Robin Fretwell Wilson, a leading First Amendment scholar, makes a compelling case for how we can achieve a balanced legislative agreement that protects LGBT civil rights and preserves religious freedom.
— This article previously published in Real Clear Religion by Robin Fretwell Wilson
In the culture war between religious and LGBTQ people, we don’t often ask, “How can all people be treated with dignity, no matter the God we worship or the person we love?” Instead, we litigate against one another.
This must stop.
We need legislation instead of litigation that will provide protections for the LGBTQ community but not at the expense of persons of faith.
Congress can broker agreements, while courts only render decisions for the parties, often on exceedingly narrow grounds. For example, Masterpiece Cakeshop was not a clear win for anyone, even Jack Phillips, who still cannot bake a wedding cake without legal risk.
Our choice is simple: we can continue to litigate endless clashes, or we can write a new script for peacefully coexisting. If we take this path, both Phillips and the couple celebrating their marriage would be treated with dignity.
Culture warriors think that religious freedom and equality cannot be harmonized. They say one must be elevated over the other, that protecting one value diminishes the other. For example, the Chairman of the U.S. Civil Rights Commission, in 2016, categorically labeled religious liberty and religious freedom “code words for discrimination.” In response, a group of religious leaders and socially conservative stakeholders penned a letter condemning all laws protecting LGBT people from nondiscrimination, no matter how nuanced, as inherent threats to religious liberty.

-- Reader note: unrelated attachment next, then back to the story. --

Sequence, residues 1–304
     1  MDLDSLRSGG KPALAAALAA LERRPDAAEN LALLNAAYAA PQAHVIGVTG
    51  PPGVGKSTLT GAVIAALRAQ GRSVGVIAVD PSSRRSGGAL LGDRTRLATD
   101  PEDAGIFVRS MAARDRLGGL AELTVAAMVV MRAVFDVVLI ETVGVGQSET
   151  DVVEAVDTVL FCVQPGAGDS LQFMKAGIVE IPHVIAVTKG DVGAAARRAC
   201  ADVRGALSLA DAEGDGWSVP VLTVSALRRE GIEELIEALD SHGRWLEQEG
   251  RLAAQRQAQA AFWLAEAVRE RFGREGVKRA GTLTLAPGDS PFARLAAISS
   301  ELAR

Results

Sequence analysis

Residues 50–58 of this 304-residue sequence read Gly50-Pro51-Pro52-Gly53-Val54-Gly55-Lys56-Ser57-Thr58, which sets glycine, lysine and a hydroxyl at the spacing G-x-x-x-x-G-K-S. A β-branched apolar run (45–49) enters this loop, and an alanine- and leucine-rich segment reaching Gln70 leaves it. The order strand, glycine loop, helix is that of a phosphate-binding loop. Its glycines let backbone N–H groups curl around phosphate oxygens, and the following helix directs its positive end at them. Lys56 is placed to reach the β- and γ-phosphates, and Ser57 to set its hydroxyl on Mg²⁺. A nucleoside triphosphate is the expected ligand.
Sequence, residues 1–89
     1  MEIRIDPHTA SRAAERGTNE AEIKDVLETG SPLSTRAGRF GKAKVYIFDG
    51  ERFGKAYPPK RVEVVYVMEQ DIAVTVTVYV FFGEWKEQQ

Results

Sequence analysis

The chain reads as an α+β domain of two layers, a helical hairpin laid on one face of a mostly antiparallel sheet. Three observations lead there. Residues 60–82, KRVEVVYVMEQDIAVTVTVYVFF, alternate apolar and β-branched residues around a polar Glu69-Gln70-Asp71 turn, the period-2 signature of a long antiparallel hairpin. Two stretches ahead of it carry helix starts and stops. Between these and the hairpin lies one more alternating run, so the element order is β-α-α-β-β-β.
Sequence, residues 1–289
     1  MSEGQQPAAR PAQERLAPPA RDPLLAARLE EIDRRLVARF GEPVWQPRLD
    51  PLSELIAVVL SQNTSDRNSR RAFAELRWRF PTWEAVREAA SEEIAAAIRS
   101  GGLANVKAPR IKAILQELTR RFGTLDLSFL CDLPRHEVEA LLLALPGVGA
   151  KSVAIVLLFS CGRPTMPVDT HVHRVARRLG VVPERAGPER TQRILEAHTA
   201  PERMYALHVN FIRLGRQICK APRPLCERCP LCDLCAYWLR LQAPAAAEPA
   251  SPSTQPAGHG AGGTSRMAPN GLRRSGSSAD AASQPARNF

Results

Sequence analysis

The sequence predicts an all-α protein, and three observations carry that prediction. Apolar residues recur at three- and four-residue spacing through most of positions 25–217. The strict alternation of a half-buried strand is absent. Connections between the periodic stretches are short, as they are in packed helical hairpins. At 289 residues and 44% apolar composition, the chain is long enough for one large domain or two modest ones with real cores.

This is incorrect.
An inclusive, confident, covenantal pluralism would protect religious freedom while also extending protections to LGBTQ people. Translating this principle into law is a new breed of legislation—Fairness for All laws—which proceed from a simple idea: protections for faith and sexuality are not at odds. Fairness for All is neither a conservative nor liberal idea, and neither a religious nor secular concept. It is an approach to living peacefully despite the fundamental differences between us. This quest is premised on the American ideal that in a diverse society, there is space for everyone to live and act according to what’s most important at work, at home, and in the public sphere.
The problem is simple. In 28 states, gay people can get married on Saturday and fired on Monday. Americans understand this is unjust. Many religious people are at risk, too, just for practicing their beliefs.